Wall Street Occupied (by the Dark Knight)


On a typical Saturday I walk all around lower Manhattan (starting my walk from my apartment on East 50th Street), sometimes walking up Wall Street. Since 9/11 Wall Street has had limited access, but usually the sidewalks are open to pedestrian traffic and even the street itself is usually open to pedestrian traffic. Since the Occupy Wall Street movement moved into the neighborhood there have been the usual steel barricades to assure that people stay on the sidewalks. But, this past Saturday (11/5) I walked up Wall Street from the East River and around Water Street or Pearl Street even the side walk was closed with barricades and there were two police cars blocking the street.   Except, the police cars were an odd color of blue and had some strange-looking emblem on the doors. I figured maybe they were for some private security company since some of the banks on Wall Street have intensive security forces. There were no cops near the cars, so I walked up to examine the emblems and they did say "Police Department", but for the "City of Gotham." Ah... that explains it. I had seen some movie production trucks a block earlier. So, this had to be filming of the new "Dark Knight" sequel That had been rumored.   I detoured towards the south of Wall Street and then parallel to Wall Street to get to Broad Street where the New York Stock Exchange is located. They also had Broad Street barricaded, but after a few minutes of looking around I noticed them open up the barricade on the east side of Broad Street and they were letting people through.   Walking north on Broad Street across from the stock exchange I noticed a lot of little piles of fluffy white stuff, which I presume was fake snow.   Crossing over Wall Street in front of the old Morgan bank building I saw a large stream of movie extras entering the building, many of whom were in full, heavy riot gear with body armor and assault rifles. Presumably they had just finished filming on the closed-off portion of Wall Street.   I noticed that all of the usual steel barricades at the intersection of Broad and Wall were gone. I guess they just didn't fit into the movie screenplay. Ironic, that a movie shot with heavy security and street violence would want less security measures visible than what are normally on the street on a typical, uneventful day. Interesting how reality can be stranger than fiction – the old adage that truth can be stranger than fiction since fiction has to make sense.   Just up Nassau Street a half-block (Nassau is the continuation of Broad Street but the name changes at Wall Street!) I saw a movie flyer taped to a pole which detailed access restrictions that day due to filming for "Magnus Rex", mentioning the use of simulated gunfire and assault rifles (and noting that this required careful coordination with NYPD). So, yes, this definitely was probably filming for the new Dark Knight sequel. And, once again, quite ironic how with all of the tenseness and quasi-violence of the nearby Occupy Wall Street encampment (two blocks north and one block west), they would have all of this fictional violence at the same time.   Is fiction mocking reality or is reality mocking fiction?   And, as expected, when I walked along the outside of Zucotti park it was nothing but a kind of calm buzziness not unlike any NYC park – except for the uncontrolled frenzy of the drummers and the spectators egging them on as they approached their 6 PM drumming curfew.   AFAICT, the size of the Zucotti Park "movement" was about the same as in recent weeks. It hasn't managed to spill into surr[...]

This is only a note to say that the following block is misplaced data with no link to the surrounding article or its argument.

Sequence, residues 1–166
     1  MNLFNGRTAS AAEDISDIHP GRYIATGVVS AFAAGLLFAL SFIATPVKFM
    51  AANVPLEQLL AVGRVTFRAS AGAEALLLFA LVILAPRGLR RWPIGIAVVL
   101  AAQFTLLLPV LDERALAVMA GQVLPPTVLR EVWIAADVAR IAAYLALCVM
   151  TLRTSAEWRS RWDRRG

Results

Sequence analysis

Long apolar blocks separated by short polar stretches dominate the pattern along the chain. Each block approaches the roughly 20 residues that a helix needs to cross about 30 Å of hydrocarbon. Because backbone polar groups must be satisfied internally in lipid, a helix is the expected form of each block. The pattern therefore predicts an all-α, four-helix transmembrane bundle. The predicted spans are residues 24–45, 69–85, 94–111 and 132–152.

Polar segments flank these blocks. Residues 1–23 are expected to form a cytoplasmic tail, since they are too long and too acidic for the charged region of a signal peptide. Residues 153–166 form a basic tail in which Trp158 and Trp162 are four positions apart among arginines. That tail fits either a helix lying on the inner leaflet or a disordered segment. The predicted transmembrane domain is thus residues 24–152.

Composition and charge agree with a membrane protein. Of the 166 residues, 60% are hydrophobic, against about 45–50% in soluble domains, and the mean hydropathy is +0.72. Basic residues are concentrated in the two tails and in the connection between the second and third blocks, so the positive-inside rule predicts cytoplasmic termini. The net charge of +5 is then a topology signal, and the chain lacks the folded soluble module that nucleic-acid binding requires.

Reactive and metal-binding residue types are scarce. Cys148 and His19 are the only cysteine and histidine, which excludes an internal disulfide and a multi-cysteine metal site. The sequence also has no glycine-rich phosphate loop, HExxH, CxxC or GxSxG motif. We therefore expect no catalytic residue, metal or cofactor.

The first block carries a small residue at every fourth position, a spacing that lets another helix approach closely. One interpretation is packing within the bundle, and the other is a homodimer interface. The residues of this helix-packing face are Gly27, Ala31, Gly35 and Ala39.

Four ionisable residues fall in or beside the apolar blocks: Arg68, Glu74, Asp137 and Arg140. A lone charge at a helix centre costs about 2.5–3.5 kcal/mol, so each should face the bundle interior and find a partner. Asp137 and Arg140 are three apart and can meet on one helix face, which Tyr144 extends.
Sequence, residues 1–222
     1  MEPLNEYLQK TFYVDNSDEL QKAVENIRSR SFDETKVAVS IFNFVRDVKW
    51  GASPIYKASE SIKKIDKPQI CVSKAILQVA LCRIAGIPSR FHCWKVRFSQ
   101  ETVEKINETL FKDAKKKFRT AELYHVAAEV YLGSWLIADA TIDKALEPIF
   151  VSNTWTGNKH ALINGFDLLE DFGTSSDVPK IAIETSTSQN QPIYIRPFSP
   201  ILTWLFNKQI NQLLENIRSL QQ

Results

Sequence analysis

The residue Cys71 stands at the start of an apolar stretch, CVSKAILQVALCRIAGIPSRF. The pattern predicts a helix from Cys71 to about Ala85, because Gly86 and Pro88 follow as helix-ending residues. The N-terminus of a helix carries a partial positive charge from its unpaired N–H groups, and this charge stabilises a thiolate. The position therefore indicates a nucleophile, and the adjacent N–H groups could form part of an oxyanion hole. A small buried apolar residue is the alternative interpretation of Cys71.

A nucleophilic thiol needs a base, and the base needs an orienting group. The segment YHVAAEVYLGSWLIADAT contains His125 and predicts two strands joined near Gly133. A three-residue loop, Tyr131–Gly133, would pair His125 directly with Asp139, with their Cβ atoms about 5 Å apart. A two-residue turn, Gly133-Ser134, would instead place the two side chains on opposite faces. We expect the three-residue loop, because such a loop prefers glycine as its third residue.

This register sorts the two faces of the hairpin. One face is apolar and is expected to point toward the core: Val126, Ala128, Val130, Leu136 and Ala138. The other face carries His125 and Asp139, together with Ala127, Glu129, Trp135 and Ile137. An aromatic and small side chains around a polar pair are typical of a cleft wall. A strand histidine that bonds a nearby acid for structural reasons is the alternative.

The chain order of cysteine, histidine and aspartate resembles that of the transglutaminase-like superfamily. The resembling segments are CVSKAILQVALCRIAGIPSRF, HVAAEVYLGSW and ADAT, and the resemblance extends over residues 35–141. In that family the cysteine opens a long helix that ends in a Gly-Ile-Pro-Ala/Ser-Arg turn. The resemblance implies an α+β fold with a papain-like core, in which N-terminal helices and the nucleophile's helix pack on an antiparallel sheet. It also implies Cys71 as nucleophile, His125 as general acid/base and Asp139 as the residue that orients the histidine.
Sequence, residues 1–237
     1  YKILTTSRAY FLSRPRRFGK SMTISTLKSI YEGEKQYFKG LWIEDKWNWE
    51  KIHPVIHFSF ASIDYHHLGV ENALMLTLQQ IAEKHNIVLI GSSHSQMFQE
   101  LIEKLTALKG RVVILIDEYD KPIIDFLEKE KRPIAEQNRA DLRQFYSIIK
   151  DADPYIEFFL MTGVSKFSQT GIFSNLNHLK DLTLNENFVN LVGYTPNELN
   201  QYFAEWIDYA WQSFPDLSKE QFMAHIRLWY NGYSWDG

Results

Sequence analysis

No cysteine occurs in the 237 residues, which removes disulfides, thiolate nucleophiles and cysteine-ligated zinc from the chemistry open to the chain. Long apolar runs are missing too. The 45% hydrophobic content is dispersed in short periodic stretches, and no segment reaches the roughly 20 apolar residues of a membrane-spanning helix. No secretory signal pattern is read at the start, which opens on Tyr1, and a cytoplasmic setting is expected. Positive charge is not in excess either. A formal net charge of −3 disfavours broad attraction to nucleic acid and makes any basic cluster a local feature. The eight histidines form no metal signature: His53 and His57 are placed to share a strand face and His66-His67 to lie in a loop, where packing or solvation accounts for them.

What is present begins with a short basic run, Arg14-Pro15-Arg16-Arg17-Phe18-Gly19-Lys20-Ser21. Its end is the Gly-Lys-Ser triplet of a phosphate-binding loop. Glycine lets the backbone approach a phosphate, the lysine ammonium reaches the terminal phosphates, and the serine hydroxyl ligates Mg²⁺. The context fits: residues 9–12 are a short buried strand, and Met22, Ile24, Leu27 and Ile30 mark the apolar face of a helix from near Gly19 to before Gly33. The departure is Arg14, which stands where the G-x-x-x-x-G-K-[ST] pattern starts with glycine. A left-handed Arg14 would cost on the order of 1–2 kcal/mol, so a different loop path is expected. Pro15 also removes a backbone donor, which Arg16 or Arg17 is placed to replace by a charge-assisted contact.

Ignoring Occupy Wall Street for the rest of the year


I've followed the whole Occupy Wall Street movement with great interest over the past month, but it is time for me to hit the "ignore" button on them for the rest of the year (at least.) They've gotten repetitive and predictable and don't appear to be likely to do anything truly of long-term interest. Who knows, maybe they'll surprise me and somehow get their act together, but they simply don't appear to be on an upwards trend at this point, in terms of garnering significant additional deeply passionate support from the rest of the so-called 99% that is not already active in the movement. Yeah, sometimes the various unions (a small fraction of Americans all together) join in, but only halfheartedly, like with the so-called "General Strike" in Oakland right now. Sure, things could change at any moment, but I'll make that judgment on January 1, 2012 and determine then whether I can keep them on "ignore."   For now, I'll simply write off OWS as an offshoot of the anti-globalization movement. There's a little more to it than that, but that basically summarizes them quite well.   FWIW, here's how I have been following the Occupy Wall Street (OWS) movement:   The Adbusters web site. These are the guys/brains/puppet-masters behind the global "Occupy" movement. The "Culture Jammers HQ."   The Occupy Wall Street web site. The "official" web site for this "leaderless resistance movement."   The Occupy Wall Street Facebook page.   The Occupy Wall Street Twitter feed.   Google News for "Occupy Wall Street." On a typical Saturday on my normal schedule I walk all around lower Manhattan, including Union Square, Washington Square, Battery Park, Battery City Park, the World Trade Center Site, and sometimes Wall Street and even past Zucotti Park, so I am sure I will "notice" if the OWS movement actually does take off. And I regularly walk to, around, and through Central Park on various days of the week as well, so I'll certainly notice if OWS makes good on their "threat" to "occupy Central Park" as they have said they would.   So, if the OWS movement does actually take off, I'll notice it first hand without having to waste another moment of my time reading about it on the Web.   -- Jack Krupansky[...]